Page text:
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Allen Chapel African Methodist Episcopal Church (Terre Haute, Indiana)

 

Allen Chapel African Methodist Episcopal Church (Terre Haute, Indiana)

Allen Chapel African Methodist Episcopal Church
Southern side of the church
Allen Chapel African Methodist Episcopal Church (Terre Haute, Indiana) is located in Indiana
Allen Chapel African Methodist Episcopal Church (Terre Haute, Indiana)
Shown within Indiana
Basic information
Location 218 Crawford St., Terre Haute, Indiana
 United States
Geographic coordinates
Affiliation African Methodist Episcopal Church
State Indiana
Architectural description
Architectural type church (building)
Completed 1913
U.S. National Register of Historic Places
Added to NRHP: September 5, 1975
NRHP Reference No. 03000986 [1]

Allen Chapel African Methodist Episcopal Church is a church in Terre Haute, Indiana.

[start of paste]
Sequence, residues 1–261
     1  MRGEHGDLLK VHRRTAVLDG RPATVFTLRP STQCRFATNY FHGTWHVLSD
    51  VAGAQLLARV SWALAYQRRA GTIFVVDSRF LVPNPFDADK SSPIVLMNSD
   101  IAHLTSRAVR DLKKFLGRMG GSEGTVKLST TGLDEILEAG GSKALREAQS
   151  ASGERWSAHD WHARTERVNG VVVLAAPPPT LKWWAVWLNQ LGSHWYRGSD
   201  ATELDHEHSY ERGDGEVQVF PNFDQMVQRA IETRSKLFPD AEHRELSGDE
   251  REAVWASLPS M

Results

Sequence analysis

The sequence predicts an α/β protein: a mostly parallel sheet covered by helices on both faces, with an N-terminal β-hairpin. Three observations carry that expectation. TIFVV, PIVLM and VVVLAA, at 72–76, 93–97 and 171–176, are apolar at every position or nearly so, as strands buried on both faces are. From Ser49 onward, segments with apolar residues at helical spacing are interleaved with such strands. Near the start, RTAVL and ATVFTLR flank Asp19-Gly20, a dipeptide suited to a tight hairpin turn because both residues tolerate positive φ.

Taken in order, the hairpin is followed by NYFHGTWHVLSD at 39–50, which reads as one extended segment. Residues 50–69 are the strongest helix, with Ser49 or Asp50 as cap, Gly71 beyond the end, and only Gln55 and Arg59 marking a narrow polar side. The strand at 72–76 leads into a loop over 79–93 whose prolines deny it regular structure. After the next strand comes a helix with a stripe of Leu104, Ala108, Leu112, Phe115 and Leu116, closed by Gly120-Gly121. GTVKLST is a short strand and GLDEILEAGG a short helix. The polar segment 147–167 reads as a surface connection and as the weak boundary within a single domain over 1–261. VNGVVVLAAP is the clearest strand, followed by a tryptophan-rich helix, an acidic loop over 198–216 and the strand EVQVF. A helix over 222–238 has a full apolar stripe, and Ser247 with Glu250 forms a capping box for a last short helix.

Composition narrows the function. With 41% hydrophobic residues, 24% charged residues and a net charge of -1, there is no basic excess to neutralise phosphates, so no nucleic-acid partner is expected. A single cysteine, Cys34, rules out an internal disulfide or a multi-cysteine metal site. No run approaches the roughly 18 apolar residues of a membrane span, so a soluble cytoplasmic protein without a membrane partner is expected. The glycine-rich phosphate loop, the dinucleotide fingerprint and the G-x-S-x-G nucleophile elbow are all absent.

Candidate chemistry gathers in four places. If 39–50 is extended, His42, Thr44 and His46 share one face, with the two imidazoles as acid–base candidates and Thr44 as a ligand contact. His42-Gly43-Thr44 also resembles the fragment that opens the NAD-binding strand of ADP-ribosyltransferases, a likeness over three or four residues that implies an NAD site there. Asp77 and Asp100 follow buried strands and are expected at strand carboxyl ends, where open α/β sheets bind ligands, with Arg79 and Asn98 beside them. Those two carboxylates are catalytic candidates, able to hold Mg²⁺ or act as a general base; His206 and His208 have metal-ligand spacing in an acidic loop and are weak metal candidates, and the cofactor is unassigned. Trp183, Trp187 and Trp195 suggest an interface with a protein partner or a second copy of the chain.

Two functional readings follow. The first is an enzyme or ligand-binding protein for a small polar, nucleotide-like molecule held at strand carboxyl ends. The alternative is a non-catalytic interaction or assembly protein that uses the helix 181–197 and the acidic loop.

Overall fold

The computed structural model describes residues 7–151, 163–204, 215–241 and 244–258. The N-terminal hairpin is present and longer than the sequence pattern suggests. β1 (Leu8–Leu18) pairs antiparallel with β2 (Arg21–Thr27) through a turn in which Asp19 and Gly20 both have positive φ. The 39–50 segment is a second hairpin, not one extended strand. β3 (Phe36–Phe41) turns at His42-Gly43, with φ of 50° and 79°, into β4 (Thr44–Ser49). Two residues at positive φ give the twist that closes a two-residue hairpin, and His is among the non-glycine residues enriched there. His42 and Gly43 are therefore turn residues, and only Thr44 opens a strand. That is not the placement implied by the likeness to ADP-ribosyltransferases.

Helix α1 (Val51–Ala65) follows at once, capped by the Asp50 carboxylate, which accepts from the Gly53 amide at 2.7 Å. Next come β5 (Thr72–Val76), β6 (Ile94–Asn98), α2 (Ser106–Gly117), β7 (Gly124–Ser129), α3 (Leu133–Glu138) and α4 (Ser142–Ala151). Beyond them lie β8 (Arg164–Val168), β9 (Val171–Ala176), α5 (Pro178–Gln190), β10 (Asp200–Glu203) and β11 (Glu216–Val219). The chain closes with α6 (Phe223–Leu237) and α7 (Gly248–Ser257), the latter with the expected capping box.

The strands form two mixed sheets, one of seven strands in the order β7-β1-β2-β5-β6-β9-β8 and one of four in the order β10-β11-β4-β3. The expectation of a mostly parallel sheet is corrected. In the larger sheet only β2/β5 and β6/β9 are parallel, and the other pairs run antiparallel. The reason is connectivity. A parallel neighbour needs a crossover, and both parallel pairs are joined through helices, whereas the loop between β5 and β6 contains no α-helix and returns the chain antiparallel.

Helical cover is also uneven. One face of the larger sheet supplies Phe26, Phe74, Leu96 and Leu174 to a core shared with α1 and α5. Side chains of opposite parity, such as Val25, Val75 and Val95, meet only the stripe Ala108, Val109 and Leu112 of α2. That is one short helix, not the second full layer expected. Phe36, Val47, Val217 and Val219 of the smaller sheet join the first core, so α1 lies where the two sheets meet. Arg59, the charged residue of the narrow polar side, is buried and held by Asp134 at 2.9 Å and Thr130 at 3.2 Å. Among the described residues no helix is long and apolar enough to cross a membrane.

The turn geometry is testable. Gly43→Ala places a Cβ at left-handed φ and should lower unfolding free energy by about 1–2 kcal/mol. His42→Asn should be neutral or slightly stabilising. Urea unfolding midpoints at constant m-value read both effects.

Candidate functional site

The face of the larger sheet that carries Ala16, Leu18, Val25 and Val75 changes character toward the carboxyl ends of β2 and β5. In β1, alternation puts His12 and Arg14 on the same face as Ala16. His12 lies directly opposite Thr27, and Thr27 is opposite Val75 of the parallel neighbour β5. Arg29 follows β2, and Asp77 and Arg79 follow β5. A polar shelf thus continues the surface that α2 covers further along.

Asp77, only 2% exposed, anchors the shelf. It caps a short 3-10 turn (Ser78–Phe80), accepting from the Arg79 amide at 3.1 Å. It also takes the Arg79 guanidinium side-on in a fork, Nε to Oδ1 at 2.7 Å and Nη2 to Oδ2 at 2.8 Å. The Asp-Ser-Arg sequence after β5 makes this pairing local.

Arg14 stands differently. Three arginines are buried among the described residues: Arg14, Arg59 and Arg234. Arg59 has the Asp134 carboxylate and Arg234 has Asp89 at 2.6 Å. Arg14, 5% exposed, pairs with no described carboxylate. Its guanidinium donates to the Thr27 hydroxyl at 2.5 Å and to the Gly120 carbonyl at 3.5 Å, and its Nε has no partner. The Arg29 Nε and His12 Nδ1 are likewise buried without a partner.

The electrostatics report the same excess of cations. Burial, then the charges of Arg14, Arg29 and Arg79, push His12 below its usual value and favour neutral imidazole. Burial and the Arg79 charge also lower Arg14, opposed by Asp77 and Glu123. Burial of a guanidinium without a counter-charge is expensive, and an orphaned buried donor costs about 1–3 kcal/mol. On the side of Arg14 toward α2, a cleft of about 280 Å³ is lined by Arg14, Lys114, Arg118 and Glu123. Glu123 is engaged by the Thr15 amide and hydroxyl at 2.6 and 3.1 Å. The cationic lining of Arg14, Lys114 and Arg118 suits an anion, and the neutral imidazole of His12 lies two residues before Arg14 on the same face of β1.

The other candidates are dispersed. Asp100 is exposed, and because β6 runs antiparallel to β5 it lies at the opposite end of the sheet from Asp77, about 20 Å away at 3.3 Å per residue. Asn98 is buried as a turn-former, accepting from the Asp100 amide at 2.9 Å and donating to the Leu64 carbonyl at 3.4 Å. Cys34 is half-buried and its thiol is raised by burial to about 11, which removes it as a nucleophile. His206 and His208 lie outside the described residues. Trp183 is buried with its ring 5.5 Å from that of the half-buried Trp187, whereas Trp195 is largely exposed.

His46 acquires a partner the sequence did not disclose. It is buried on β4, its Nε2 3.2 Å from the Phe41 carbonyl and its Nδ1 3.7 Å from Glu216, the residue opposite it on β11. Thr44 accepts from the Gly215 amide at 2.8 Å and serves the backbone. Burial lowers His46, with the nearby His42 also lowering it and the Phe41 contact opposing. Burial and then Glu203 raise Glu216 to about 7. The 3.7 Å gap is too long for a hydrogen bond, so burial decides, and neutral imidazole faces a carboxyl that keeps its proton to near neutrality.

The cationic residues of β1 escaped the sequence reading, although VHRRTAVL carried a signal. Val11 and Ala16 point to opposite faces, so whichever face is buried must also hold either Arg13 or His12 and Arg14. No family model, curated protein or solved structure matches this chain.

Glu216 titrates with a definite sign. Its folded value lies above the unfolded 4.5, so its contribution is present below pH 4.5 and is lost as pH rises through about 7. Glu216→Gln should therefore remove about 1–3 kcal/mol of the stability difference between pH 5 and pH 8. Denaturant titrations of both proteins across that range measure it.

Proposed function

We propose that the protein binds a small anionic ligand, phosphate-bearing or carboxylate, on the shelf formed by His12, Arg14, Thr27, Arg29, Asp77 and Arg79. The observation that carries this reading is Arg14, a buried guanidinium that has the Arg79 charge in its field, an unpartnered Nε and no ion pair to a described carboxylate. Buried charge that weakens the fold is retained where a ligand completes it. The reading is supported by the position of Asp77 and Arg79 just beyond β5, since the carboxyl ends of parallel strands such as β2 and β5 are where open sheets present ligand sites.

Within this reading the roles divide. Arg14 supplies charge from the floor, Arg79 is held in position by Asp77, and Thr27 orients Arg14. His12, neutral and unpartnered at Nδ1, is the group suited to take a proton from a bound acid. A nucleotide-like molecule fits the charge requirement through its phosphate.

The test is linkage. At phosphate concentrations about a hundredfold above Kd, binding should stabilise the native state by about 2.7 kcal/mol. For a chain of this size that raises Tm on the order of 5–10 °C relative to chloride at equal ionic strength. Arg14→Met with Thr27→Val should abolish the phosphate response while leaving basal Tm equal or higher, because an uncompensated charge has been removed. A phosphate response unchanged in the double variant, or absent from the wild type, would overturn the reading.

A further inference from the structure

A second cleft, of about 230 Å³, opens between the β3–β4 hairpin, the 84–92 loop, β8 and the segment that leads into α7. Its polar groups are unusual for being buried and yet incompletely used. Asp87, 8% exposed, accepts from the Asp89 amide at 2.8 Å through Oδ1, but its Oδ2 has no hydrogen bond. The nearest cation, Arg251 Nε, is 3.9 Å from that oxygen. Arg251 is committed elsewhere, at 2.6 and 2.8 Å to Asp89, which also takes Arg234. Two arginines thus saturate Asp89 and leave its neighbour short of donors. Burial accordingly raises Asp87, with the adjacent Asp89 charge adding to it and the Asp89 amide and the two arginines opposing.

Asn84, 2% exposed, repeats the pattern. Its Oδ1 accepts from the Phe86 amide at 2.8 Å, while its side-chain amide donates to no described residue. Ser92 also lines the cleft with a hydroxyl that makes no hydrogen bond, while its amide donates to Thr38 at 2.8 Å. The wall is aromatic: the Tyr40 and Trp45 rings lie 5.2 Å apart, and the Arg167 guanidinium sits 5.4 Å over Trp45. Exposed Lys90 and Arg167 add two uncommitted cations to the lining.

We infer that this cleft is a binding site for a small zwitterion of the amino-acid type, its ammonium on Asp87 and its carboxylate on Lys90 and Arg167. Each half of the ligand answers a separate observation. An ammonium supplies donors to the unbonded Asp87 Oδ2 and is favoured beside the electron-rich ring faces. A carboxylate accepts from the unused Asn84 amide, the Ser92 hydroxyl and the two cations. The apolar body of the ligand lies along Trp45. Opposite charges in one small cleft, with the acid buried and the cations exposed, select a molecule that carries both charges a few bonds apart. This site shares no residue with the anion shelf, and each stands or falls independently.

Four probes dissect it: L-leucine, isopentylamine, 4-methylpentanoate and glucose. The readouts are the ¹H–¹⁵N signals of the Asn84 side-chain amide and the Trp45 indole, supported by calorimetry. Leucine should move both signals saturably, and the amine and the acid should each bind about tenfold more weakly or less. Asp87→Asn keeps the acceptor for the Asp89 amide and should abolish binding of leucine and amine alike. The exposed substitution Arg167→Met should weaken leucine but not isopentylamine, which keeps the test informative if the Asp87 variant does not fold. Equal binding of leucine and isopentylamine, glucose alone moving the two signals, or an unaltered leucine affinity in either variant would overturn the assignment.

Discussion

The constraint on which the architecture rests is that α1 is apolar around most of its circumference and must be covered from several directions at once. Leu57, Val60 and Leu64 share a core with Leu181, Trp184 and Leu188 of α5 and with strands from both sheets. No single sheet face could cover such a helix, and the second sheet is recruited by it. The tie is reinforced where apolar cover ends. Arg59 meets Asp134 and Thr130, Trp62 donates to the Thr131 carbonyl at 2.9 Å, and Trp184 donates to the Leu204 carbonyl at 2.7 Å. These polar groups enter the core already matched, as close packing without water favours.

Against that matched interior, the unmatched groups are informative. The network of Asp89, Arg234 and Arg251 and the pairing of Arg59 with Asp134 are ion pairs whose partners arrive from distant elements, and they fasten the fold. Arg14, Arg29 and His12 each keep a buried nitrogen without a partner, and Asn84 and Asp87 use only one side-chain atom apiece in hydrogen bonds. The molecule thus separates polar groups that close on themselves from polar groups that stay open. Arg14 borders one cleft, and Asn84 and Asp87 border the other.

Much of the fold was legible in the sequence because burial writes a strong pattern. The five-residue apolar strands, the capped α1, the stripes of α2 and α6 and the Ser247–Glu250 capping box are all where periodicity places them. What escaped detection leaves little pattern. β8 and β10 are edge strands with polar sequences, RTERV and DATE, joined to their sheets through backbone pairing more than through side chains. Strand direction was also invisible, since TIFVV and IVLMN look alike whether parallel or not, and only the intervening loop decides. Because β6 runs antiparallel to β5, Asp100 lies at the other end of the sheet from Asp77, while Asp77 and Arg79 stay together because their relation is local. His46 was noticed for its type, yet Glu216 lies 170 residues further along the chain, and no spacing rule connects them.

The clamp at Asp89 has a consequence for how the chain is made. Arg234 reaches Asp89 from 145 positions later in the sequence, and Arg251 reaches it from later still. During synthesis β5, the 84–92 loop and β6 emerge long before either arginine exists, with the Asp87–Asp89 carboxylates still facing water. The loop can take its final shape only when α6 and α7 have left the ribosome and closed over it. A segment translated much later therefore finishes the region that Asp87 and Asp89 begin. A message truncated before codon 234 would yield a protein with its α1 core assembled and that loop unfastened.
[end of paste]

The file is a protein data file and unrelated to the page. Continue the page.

The church is named for Richard Allen, who founded the African Methodist Episcopal Church in Philadelphia in 1787. The congregation in Terre Haute began meeting in 1837 in a small white church in town. This original structure had a tunnel beneath it that led to bank of the Wabash River for escaped slaves going toward Canada on the Underground Railroad. Many of the congregation's early members were freed slaves who had been brought to the area by Quakers.[2]

In the mid-19th century, Frederick Douglass came to Terre Haute on two separate occasions to raise funds for the congregation. Other eminent speakers have included Eugene V. Debs and Jackie Robinson.

The current structure was built in 1913. It was placed on the National Register of Historic Places in 1975 for its significance in religion, social history, and African American history.

References

  1. ^ "Allen Chapel African Methodist Episcopal Church". National Register of Historic Places. National Park Service. 2010-05-13. 
  2. ^ Pastore, Patricia L. "Allen Chapel: Congregation, church have helped shape Wabash Valley history". Tribune-Star (Terre Haute, Indiana). Retrieved May 14, 2010. 


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